Critics of Purdue, citing media investigations and in civil lawsuits filed by states and local governments, have argued that Purdue pioneered aggressive and deceptive advertising, marketing, and sales practices that fueled the abuse of powerful prescription painkillers and opened the door to overdoses of those drugs, synthetic versions of them, as well as illicit narcotics.

walmartlogo-300x117The stain of the nation’s opioid abuse and drug overdose crisis has spread now to Bentonville, Ark., as federal prosecutors have sued Walmart, accusing the nation’s largest retailer of improperly allowing its pharmacists to fill millions of suspicious prescriptions for potent painkillers.

The pharmacists themselves complained to their corporate bosses that they were delivering opioids in far too great quantities to too few customers in out-of-the-way places, prosecutors contend. The warnings were ignored.

Instead, Walmart operated too lax a system both to monitor its outlets’ dispensing of drugs and to provide legally required warning information to federal watchdogs about potentially problematic sales, the New York Times reported, quoting Jeffrey Bossert Clark, acting assistant attorney general of the U.S. Justice Department’s civil division:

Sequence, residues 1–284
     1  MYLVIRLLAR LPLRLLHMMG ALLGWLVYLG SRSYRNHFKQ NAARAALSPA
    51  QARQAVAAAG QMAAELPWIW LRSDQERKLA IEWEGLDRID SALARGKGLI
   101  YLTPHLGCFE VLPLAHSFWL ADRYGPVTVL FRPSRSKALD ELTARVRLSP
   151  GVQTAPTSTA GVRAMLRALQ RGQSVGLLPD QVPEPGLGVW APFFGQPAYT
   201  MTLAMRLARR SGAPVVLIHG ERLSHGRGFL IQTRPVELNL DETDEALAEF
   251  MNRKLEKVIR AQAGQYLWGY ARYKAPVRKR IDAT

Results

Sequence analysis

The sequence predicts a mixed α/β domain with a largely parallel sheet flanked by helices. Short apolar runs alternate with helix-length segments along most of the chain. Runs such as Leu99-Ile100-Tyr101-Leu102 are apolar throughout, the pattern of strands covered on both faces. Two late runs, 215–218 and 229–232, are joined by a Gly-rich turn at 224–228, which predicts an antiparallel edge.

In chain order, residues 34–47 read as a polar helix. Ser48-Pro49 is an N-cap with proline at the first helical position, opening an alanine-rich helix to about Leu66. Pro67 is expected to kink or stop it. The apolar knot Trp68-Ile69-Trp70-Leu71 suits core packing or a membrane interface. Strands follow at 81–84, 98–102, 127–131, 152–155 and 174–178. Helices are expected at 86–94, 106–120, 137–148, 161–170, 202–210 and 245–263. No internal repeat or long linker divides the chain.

A key component of the American legal system, in the criminal and civil systems, is the opportunity afforded to those most harmed to see those implicated in awful situations take responsibility for their conduct. It can be a key moment for the aggrieved to find closure and a measure of justice.

mckinseylogo-300x169Heaps of ignominy are not in short order for parties that played sketchy roles in fostering the nation’s deadly opioid abuse and drug overdose crisis. The stain has spread now to one of corporate America’s most-favored advisors — the giant McKinsey consulting group.